19 January 2017

State of the Market – January 2017

The more things change, the more they stay the same. That’s certainly how the collector car market seems in 2017.

The market shed speed in 2016, much as it did through 2015. But values over the past 12 months have generally remained stable, although price retreats took hold in formerly white-hot segments. Overall, North American auction sales dropped by 14 percent (now down to 2013 levels), but values for the overwhelming majority of cars on the road remained mostly unchanged. As a result, the Hagerty Market Rating only dipped from 70.41 in January 2016 to 67.19 in January 2017 and stayed at a level indicative of overall growth.

Lately, cars at the top of the market (excluding extremely rare and significant examples like the Le Mans-winning Jaguar D-Type and the first Shelby Cobra built that sold in Monterey) have seen the steepest depreciation. Models priced above $100,000 were all slower to sell in 2016 than the previous year, with values being impacted as a result—average auction sale prices for the Mercedes-Benz 300SL declined 8 percent, Series I Jaguar E-Types slipped 16 percent, Ferrari 275s dropped 22 percent, 1964-73 Porsche 911s fell by more than 30 percent and Ferrari Daytonas fell 34 percent. As further proof, the number of million-dollar sales at auction dropped 26 percent from 2015 to 2016. This tier saw the highest number of value reductions in Hagerty Price Guide 32 than at any point since 2010.

Some of this adjustment is attributable to an increase in average quality examples of these models coming to market. A stronger U.S. dollar has also dampened European demand for cars that are located stateside. In any event, supply seems to be outpacing demand.

On the positive side, rising interest in modern collector cars continues bolstering the market, although buyer preference is shifting from cars of the 1980s and ’90s to cars built since 2000. Hagerty clients added 27 percent more cars from the 2000s to their policies in 2016 than 2015, and 40 percent more cars from the 2010s.

Modern cars that are currently in favor fit the general collector car profile: low-production variants of performance models, some connection to race history and a strong historic brand presence. Leaders include cars like the impossible-to-find LaFerrari and Porsche 911R to the Ferrari 488 Italia and even more “common” cars like the Ford Mustang Shelby GT500. Nostalgia still motivates many collectors, but those same collectors are also increasingly interested in cars that provide modern conveniences (both in terms of comfort and experience). In some cases, modern cars are able to pull off both.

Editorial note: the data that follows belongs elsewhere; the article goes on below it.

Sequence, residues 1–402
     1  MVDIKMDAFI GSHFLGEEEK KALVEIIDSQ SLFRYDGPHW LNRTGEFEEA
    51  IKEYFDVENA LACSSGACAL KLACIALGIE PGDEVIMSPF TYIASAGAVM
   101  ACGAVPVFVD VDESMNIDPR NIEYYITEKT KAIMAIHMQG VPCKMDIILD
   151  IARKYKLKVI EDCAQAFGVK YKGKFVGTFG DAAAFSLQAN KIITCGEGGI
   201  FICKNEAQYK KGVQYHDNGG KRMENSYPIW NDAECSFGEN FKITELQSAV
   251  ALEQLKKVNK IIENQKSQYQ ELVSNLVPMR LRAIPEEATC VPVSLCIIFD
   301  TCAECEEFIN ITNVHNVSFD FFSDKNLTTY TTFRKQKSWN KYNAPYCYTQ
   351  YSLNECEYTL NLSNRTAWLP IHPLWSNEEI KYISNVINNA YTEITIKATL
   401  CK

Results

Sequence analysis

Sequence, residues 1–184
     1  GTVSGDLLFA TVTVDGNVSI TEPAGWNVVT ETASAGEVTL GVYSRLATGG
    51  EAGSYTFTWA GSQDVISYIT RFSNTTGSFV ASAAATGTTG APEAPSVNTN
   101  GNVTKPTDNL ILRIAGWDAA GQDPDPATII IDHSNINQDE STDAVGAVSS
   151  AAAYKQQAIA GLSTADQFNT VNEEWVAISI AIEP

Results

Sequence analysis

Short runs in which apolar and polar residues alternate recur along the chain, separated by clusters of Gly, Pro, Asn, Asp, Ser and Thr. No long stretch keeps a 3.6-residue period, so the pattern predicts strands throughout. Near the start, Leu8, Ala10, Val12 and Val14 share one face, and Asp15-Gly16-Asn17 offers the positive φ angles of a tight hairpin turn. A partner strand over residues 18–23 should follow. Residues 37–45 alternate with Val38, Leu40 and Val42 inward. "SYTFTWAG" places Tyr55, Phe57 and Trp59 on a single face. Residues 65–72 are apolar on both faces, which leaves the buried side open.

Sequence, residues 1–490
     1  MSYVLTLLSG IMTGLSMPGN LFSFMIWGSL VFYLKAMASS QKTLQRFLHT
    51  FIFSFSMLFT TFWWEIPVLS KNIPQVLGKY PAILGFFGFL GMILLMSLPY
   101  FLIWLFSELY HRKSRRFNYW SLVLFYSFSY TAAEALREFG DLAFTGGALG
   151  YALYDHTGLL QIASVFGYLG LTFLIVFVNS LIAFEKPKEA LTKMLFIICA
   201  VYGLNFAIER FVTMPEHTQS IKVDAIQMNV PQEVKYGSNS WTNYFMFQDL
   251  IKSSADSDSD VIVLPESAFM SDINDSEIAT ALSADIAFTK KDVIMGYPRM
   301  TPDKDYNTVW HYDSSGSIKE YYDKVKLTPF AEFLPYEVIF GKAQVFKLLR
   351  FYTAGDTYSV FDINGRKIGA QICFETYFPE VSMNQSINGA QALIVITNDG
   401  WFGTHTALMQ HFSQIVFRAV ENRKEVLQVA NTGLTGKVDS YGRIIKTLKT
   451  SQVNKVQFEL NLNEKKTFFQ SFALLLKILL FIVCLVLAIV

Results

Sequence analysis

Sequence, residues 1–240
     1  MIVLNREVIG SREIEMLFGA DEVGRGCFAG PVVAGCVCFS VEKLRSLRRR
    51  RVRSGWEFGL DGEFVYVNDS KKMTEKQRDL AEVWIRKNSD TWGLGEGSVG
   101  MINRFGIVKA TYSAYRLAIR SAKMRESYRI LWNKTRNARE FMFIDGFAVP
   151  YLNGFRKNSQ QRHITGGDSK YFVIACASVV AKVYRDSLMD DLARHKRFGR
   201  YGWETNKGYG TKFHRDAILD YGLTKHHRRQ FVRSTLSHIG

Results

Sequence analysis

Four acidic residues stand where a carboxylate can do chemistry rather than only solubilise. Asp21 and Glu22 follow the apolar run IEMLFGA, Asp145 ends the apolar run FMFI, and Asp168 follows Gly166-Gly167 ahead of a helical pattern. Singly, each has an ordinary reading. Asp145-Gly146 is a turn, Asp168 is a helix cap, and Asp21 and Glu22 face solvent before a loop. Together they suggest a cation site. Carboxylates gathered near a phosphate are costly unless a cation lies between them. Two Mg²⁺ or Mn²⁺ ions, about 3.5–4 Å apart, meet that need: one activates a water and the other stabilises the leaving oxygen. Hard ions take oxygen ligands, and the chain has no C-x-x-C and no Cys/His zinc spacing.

Outside of modern collectibles, more affordable cars are also seeing a lot of sustained interest. As buyers exercise more caution when purchasing something expensive, they also increasingly consider more options at lower price points. Presently, the sub-$50,000 market is the most vibrant segment.

The forecast for 2017 continues the course set over the last 18 months, with values holding steady overall and the top of the market perhaps stepping back slightly further. For open-minded enthusiasts who seek emotional returns just as much as financial ones, there are plenty of opportunities to find a fun car with little long-term financial risk. For most of us, that’s reason enough to be excited about what lies ahead.

15 Reader Comments

  • 1
    Howard Canada February 1, 2017 at 23:49
    If the major auctions would not inflate the pries of the "sold" cars, then just maybe the average person would pursue the classic that they want. Once that they see their dream car approach an unrealistic amount, they retreat. Eventually, the next generation will not want to participate. Don't you find it interesting that there are a considerable number of current foreign luxury autos at the auction. I did not realize the classic appeal of a 2013 Mercedes C300.
  • 2
    rob Michigan February 2, 2017 at 16:16